Prevalence of accurate nursing documentation in patient records
Article first published online: 23 AUG 2010
© 2010 Blackwell Publishing Ltd
Journal of Advanced Nursing
Volume 66, Issue 11, pages 2481–2489, November 2010
How to Cite
Paans, W., Sermeus, W., Nieweg, R. M.B. and Van Der Schans, C. P. (2010), Prevalence of accurate nursing documentation in patient records. Journal of Advanced Nursing, 66: 2481–2489. doi: 10.1111/j.1365-2648.2010.05433.x
- Issue published online: 7 OCT 2010
- Article first published online: 23 AUG 2010
- Accepted for publication 2 July 2010
- nursing diagnosis;
- nursing documentation;
- nursing process evaluation;
- patient records
paans w., sermeus w., nieweg r.M.B. & van der schans c.P. (2010) Prevalence of accurate nursing documentation in patient records. Journal of Advanced Nursing 66(11), 2481–2489.
Aim. This paper is a report of a study conducted to describe the accuracy of nursing documentation in patient records in hospitals.
Background. Accurate nursing documentation enables nurses to systematically review the nursing process and to evaluate the quality of care. Assessing nurses’ reports in patient records can be helpful for improving the accuracy of nursing documentation.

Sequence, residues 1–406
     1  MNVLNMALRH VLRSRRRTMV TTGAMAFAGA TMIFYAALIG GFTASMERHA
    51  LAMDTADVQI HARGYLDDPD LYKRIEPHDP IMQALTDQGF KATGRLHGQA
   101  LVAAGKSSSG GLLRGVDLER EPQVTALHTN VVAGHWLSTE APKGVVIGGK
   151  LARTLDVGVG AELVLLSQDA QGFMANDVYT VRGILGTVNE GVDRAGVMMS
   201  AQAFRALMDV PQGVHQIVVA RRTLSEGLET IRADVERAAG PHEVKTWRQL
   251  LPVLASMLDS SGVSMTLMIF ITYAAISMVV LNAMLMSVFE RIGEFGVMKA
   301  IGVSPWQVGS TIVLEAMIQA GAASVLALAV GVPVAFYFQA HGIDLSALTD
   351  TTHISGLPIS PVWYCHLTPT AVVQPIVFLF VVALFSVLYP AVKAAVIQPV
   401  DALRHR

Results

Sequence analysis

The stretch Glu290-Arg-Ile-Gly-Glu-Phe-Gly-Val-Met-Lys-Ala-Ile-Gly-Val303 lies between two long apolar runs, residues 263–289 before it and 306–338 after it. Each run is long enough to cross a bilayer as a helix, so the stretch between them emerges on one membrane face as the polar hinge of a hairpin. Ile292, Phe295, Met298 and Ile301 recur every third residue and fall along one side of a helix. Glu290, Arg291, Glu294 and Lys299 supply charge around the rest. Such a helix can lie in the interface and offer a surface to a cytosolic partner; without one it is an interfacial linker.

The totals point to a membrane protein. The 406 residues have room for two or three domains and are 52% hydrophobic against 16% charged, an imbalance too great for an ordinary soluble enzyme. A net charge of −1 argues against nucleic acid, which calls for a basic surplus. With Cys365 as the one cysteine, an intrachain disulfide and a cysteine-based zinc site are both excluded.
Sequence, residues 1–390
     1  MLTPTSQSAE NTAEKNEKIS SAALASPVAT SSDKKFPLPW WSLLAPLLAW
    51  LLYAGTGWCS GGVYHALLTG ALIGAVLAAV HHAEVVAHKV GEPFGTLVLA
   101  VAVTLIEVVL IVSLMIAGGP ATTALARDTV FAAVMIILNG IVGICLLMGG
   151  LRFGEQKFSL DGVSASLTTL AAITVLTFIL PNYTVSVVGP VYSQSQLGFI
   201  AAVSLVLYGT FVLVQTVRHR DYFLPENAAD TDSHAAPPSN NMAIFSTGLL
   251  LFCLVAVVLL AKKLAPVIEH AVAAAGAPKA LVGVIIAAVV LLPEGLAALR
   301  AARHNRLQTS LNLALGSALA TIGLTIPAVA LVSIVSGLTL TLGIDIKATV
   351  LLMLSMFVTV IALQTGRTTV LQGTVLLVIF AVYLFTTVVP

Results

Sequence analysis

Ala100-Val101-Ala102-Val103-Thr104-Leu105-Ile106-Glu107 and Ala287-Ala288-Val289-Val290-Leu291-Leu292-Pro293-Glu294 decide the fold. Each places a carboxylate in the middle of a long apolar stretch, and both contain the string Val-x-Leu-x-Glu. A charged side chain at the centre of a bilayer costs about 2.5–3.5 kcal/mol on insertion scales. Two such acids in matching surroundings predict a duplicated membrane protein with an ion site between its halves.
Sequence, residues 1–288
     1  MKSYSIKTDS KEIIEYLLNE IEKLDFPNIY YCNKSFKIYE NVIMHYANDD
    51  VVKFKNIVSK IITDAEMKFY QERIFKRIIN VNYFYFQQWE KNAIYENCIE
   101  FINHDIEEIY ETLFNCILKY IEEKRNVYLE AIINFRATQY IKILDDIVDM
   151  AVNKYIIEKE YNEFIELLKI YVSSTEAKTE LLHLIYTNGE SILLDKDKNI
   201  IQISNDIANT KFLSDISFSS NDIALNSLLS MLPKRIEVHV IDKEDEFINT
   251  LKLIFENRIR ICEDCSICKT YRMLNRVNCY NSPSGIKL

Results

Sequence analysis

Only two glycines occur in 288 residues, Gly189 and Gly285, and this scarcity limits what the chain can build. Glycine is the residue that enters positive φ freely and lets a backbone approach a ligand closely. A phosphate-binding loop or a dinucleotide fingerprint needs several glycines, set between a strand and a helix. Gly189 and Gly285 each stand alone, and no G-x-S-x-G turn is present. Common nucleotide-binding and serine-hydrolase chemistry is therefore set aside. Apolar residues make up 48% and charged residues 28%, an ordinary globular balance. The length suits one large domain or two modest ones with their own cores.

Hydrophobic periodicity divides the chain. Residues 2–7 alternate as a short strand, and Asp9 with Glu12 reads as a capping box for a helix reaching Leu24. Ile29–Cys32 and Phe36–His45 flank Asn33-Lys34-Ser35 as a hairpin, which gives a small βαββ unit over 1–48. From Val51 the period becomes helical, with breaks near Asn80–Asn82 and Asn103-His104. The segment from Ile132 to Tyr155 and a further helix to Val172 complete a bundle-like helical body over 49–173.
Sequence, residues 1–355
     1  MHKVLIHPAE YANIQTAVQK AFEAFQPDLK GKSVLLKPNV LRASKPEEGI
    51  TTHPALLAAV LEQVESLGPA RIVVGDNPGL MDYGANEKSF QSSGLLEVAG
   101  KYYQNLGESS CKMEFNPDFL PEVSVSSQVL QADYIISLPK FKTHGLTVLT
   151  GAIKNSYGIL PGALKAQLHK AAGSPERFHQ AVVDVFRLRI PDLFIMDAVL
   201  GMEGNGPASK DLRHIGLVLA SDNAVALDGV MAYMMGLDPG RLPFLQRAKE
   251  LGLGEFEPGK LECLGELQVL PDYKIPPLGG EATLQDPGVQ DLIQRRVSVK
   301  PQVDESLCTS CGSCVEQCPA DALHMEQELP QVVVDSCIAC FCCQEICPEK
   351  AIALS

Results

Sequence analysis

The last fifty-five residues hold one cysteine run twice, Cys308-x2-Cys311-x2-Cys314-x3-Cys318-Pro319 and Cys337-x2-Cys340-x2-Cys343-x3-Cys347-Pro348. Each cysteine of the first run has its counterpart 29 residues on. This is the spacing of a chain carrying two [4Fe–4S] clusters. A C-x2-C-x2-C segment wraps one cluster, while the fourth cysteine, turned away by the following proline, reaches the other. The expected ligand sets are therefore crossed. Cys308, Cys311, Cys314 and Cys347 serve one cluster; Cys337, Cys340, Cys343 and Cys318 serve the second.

Method. In 2007–2008, we screened patient records (n = 341) from 35 wards in 10 hospitals in the Netherlands. The D-Catch instrument was used to quantify the accuracy of the (1) record structure, (2) admission data, (3) nursing diagnosis, (4) nursing interventions, (5) progress and outcome evaluations and (6) legibility of nursing reports. Items 2–5 were measured as a sum score of quantity criteria (1–4) and quality criteria (1–4), whereas Items 1 and 6 were measured on a 4-point Likert scale that addressed only quality criteria.
Findings. The domain ‘accuracy of the interventions’ had the lowest accuracy scores: 95% of the records revealed a scale score not higher than 5. However, the domain ‘admission’ had the highest scores: 80% of the records revealed a scale score over 5.
Conclusion. Effective documentation systems that support nurses in linking diagnoses, interventions and progress and outcome evaluations could be helpful. To improve the accuracy of the documentation, further research is needed on what factors influence nursing documentation. Comparable outcomes from other studies indicate that applying our study findings to international contexts might support the development of universal criteria for accurate nursing documentation.